Inexpensive procedure shows whether patient has cancerous cells in the body, but does not reveal where or how serious it is
Coloured scanning electron micrograph of dividing breast cancer cells. Photograph: Steve Gschmeissner/Getty/Science Photo Library RM
(Ian Sample/ The Guardian) — Scientists have developed a universal cancer test that can detect traces of the disease in a patient’s bloodstream.The cheap and simple test uses a colour-changing fluid to reveal the presence of malignant cells anywhere in the body and provides results in less than 10 minutes.
While the test is still in development, it draws on a radical new approach to cancer detection that could make routine screening for the disease a simple procedure for doctors.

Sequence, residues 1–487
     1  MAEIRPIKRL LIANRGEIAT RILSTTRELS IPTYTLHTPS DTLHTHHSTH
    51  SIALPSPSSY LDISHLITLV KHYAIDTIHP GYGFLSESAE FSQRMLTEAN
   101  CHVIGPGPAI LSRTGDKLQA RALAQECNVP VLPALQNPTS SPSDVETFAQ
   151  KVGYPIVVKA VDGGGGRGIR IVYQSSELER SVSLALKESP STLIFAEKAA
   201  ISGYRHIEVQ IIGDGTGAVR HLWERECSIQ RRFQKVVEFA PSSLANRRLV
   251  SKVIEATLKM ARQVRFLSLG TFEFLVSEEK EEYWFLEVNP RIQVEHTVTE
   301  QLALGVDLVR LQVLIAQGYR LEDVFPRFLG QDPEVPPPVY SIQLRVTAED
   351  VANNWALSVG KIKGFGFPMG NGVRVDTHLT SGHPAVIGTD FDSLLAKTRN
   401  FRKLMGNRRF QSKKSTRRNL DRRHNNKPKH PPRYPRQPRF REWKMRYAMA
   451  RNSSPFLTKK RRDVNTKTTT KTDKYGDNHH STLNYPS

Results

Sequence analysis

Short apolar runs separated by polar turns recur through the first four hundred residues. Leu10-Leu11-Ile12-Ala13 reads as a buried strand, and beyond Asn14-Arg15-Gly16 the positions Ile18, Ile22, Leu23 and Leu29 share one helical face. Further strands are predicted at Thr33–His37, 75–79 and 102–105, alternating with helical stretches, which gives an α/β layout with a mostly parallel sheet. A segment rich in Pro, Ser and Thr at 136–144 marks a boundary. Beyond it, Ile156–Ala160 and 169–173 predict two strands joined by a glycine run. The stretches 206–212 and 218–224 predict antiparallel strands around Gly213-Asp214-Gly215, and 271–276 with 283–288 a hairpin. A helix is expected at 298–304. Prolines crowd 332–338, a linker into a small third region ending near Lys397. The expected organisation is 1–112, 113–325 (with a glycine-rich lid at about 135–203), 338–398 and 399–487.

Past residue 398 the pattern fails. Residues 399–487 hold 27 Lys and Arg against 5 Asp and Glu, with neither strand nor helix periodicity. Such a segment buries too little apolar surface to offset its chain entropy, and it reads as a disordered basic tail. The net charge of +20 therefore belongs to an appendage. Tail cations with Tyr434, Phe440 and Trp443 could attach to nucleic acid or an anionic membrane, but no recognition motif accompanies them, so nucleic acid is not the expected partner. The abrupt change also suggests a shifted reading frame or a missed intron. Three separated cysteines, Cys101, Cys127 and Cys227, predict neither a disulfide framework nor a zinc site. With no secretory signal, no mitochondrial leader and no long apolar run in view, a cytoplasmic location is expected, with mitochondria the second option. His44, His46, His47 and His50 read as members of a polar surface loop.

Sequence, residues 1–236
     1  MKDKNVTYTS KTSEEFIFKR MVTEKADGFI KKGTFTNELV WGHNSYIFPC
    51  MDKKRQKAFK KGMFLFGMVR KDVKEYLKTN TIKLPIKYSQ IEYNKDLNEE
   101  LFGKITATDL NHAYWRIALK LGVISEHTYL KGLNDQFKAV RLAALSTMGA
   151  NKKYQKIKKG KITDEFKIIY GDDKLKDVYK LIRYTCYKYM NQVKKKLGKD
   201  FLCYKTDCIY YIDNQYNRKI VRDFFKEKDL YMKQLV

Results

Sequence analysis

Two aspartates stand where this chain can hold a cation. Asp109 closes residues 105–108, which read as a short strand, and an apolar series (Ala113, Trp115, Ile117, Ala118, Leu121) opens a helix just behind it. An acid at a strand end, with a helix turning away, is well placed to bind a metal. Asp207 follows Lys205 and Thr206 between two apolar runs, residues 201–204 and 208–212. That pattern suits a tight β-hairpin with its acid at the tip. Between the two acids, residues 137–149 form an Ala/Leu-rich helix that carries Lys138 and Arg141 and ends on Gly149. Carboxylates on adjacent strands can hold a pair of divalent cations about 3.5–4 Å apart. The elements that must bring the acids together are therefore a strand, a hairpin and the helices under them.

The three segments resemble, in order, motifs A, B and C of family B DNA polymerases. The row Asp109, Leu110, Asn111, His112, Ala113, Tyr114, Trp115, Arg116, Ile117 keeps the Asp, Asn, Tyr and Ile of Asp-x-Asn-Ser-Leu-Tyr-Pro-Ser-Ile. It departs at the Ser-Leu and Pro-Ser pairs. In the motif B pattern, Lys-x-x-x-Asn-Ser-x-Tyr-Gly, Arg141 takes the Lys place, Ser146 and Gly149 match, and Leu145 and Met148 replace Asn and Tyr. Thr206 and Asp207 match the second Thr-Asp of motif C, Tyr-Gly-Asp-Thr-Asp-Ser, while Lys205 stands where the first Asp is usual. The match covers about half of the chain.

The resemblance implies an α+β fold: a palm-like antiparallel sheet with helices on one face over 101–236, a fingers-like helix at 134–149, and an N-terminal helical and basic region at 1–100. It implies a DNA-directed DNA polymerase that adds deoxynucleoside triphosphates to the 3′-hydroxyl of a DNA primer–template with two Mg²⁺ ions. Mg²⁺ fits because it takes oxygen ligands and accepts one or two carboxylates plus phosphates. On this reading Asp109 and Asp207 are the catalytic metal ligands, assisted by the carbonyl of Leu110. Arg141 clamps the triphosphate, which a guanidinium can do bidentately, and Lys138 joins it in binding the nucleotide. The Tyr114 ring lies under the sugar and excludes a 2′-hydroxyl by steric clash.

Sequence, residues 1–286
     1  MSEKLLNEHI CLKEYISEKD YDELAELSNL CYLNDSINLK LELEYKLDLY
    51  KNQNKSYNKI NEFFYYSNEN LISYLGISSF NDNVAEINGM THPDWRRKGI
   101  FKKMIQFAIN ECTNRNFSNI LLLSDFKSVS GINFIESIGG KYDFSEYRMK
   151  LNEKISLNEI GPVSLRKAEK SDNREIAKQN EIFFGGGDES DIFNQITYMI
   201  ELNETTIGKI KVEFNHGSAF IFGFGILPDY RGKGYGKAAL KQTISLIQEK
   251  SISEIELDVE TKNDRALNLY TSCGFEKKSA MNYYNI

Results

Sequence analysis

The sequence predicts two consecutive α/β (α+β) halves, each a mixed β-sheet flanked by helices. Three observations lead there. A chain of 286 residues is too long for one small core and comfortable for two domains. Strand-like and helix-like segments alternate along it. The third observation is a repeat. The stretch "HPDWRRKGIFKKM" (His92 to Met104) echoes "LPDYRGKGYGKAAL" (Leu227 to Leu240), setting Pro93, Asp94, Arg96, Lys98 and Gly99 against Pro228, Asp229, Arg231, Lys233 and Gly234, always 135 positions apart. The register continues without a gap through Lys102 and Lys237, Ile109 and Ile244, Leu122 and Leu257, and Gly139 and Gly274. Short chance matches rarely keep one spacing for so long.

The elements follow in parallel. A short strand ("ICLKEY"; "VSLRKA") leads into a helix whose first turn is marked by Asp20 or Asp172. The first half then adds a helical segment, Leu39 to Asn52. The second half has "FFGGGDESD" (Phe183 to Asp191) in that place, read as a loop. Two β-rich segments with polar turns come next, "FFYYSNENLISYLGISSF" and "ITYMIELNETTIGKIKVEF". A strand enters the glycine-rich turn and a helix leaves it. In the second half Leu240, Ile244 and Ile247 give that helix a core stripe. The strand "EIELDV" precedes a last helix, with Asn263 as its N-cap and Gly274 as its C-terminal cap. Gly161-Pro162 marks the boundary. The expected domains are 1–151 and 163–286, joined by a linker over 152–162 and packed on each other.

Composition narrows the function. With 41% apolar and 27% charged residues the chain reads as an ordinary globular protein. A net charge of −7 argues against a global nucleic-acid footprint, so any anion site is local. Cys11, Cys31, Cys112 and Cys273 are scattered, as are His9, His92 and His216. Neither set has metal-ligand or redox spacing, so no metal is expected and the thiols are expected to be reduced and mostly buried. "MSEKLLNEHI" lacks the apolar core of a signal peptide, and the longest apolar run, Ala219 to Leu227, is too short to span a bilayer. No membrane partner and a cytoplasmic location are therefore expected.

“A major advantage of this technique is that it is very cheap and extremely simple to do, so it could be adopted in the clinic quite easily,” said Laura Carrascosa, a researcher at the University of Queensland.
The test has a sensitivity of about 90%, meaning it would detect about 90 in 100 cases of cancer. It would serve as an initial check for cancer, with doctors following up positive results with more focused investigations. (…)